Monday, July 7, 2008

Moving: Part II: Decisions

The move has been odd. My family and I are currently in our new home, and I am trying to get all of the boxes unpacked and things set up in the house. It is weird to take something out of a box and decide "That goes there, forever." Now I know that I could move the pasta to a new cabinet if I decide that I don't like the location, but it feels very permanent out of a box and into a new home.

I have never really moved before. I lived with my parents, then I left for college and lived with my uncle. All I had to move then was a carload of clothes and some knick-knacks. Then my husband and I moved into an apartment, and I just shifted things over a few blocks. When we bought a house, we bought the furniture we needed, and so it didn't really feel like moving, since we didn't have a place and affection for the items before.

This move has been strange. We have had to decide the layout of the baby's room, the positioning of the office, which bathroom gets the most towels; all of these decisions present a dilemma for me. I don't know how to make small decisions. I had someone to do that for me for my whole life, up to about one week ago.

My sister helped me decide how to do laundry, how to organize my wardrobe, what to make for dinner, and how to pack.

Now that I have moved, I do not have my sister's constant advice. I call her, sure, and she gives me a piece of her mind. But her physical presence is what motivated me. Now I am wandering around trying to picture her wagging her finger at me. I miss her greatly.

I am also feeling a bit juvenile. I moved closer to my father and step-mother, and all of the old feelings about being a step-child are rising to the surface. It took one visit from them to send me back to the days of being 13 and striving to be noticed by my father. Many of my decisions about how to set up my house also seem to find their way back to "What will Dad think of this?" That is not how I want to spend the next decade of my life.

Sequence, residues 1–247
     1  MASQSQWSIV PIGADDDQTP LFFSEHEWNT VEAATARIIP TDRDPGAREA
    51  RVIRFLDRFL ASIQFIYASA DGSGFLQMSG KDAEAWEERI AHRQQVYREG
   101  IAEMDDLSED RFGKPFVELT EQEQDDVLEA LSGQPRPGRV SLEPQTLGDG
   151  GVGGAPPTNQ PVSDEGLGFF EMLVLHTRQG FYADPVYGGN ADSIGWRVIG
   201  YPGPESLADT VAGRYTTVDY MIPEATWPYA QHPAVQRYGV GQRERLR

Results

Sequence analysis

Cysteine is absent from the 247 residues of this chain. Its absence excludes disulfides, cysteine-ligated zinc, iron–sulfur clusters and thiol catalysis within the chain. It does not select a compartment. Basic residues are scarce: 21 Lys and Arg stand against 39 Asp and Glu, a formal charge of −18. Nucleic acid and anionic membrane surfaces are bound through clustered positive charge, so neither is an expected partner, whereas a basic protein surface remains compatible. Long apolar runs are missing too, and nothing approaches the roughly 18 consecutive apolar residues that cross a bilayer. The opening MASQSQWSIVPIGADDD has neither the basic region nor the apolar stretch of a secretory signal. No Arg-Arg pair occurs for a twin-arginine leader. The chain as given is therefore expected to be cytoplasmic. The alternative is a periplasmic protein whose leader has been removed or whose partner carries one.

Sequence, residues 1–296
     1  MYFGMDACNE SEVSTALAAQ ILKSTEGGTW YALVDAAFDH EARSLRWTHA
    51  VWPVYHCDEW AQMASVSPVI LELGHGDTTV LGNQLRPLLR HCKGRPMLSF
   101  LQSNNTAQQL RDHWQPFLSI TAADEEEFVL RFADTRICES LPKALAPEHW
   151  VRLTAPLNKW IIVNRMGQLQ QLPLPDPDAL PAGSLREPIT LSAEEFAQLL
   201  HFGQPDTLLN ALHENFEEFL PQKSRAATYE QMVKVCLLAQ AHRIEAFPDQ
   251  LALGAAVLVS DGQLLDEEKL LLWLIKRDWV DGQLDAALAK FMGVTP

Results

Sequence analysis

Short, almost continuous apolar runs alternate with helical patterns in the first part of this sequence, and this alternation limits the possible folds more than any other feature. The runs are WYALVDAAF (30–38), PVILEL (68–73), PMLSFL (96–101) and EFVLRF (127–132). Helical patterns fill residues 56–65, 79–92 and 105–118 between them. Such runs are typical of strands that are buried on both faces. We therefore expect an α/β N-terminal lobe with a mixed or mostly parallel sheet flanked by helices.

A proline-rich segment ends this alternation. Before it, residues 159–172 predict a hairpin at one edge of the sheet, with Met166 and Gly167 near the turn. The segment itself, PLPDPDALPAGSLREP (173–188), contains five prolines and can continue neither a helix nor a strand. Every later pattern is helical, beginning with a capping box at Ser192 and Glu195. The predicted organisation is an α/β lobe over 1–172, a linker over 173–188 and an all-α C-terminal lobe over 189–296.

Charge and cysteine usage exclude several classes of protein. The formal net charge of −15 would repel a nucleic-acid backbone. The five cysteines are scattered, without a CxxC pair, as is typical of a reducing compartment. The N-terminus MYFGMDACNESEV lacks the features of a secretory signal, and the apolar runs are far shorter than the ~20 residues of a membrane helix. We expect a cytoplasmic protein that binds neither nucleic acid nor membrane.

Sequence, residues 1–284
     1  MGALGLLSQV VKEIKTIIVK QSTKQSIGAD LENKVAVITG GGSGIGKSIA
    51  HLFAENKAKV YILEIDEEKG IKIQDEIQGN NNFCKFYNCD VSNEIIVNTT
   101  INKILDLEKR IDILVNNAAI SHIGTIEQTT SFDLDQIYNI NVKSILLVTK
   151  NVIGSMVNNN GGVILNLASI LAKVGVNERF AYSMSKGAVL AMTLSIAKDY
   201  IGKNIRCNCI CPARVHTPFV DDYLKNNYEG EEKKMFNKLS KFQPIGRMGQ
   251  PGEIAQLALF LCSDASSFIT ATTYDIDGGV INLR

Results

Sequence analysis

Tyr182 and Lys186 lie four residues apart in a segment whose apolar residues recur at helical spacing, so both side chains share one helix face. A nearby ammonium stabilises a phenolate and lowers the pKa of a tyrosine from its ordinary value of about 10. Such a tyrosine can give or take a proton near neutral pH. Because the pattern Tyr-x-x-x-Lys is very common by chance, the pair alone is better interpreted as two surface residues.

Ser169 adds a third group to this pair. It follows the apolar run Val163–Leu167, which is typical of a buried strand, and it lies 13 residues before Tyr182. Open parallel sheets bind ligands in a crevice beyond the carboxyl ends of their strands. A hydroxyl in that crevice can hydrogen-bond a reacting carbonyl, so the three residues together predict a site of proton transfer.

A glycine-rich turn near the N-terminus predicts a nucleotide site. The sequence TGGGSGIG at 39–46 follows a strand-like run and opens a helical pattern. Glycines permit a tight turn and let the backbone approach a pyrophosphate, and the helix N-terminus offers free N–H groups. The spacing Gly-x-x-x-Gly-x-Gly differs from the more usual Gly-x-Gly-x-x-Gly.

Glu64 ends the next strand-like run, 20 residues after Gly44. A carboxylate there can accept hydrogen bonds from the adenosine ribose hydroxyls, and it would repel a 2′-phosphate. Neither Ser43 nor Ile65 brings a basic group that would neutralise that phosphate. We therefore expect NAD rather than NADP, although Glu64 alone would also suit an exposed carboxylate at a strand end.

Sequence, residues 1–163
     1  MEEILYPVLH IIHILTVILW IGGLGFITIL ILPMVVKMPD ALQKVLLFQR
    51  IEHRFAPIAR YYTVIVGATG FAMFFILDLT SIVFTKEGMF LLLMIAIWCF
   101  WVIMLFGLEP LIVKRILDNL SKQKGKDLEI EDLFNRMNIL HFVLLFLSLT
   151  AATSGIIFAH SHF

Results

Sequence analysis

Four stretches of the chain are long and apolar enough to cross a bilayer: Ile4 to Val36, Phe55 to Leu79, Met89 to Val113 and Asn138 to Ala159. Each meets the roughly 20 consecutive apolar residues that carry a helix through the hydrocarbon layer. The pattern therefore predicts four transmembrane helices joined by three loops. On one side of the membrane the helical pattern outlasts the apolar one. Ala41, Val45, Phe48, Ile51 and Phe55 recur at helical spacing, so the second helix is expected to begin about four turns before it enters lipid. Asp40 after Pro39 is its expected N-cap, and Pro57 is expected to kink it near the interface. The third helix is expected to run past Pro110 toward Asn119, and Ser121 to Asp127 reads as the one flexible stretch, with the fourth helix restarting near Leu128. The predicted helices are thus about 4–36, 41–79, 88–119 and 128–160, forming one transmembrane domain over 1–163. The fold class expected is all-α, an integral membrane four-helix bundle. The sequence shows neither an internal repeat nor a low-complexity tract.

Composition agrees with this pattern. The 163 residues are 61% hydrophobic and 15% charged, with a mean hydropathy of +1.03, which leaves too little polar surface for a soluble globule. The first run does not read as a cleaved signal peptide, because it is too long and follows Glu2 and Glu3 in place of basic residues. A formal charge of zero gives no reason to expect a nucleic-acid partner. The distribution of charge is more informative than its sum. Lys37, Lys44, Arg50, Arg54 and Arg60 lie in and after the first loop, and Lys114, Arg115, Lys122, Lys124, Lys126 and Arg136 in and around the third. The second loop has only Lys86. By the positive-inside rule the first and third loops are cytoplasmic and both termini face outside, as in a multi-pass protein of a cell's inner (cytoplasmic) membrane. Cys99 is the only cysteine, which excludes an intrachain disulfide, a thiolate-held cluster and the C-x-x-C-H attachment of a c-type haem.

I have to decide to be happy for me. I have to focus on my (and my family's) needs and decide how to live my life. I still love advice, but I need to let go of the fear of judgment.

So I begin by saying, Amanda, I will put the Elvis picture wherever I want to.


  1. Michele, You are a beautiful, lovely, and capable person. I know that you have the ability to do anything you want; just look at all that you've accomplished! You can put that pasta and Elvis on the ceiling if you want to! (just make sure Judy can see him) In the grand scheme of things; no one will care as long as YOU like it! Love, you know who! XXOO

  2. Wait, did I just hear an invitation to boss you around? Sweet. Don't worry about where stuff goes. You can always re-arrange. Maybe you can have things one way when you and dad are getting along, and if he is getting on your nerves, you can move things in a way that you know would bother him. You have so much freedom! And if you have too much freedom, you can call me for a bossiness consultation. I love ya sis.


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Farmington, NM, United States
Old enough to know better, young enough to change.